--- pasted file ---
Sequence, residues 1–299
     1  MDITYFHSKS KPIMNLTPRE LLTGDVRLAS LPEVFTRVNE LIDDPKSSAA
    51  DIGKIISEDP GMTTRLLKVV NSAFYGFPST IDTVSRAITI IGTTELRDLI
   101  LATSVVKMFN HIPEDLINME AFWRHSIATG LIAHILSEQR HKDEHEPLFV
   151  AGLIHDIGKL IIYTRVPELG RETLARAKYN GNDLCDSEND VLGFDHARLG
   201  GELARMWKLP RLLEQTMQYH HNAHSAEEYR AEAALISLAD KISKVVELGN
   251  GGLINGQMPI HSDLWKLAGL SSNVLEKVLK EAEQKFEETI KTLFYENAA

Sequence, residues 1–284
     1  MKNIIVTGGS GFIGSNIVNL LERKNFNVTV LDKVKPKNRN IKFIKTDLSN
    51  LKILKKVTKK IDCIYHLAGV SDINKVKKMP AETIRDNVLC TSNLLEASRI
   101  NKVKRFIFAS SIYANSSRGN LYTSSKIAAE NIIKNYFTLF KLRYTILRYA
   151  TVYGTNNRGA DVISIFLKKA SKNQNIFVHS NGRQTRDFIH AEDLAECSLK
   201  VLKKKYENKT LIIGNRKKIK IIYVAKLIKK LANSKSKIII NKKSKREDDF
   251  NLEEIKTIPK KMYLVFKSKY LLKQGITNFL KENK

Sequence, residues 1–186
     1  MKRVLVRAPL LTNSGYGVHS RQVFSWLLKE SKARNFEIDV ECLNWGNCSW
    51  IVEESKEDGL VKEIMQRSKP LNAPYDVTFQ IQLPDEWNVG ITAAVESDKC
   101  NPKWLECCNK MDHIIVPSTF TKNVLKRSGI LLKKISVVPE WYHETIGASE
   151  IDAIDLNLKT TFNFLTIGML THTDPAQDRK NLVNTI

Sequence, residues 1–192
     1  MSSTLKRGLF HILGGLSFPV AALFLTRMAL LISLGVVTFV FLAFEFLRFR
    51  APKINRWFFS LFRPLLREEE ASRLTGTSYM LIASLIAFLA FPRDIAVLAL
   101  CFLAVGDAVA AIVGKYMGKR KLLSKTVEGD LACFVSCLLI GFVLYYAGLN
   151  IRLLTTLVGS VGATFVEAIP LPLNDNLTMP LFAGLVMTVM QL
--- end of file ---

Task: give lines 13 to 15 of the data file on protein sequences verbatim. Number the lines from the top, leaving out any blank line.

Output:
   201  VLKKKYENKT LIIGNRKKIK IIYVAKLIKK LANSKSKIII NKKSKREDDF
   251  NLEEIKTIPK KMYLVFKSKY LLKQGITNFL KENK

Sequence, residues 1–186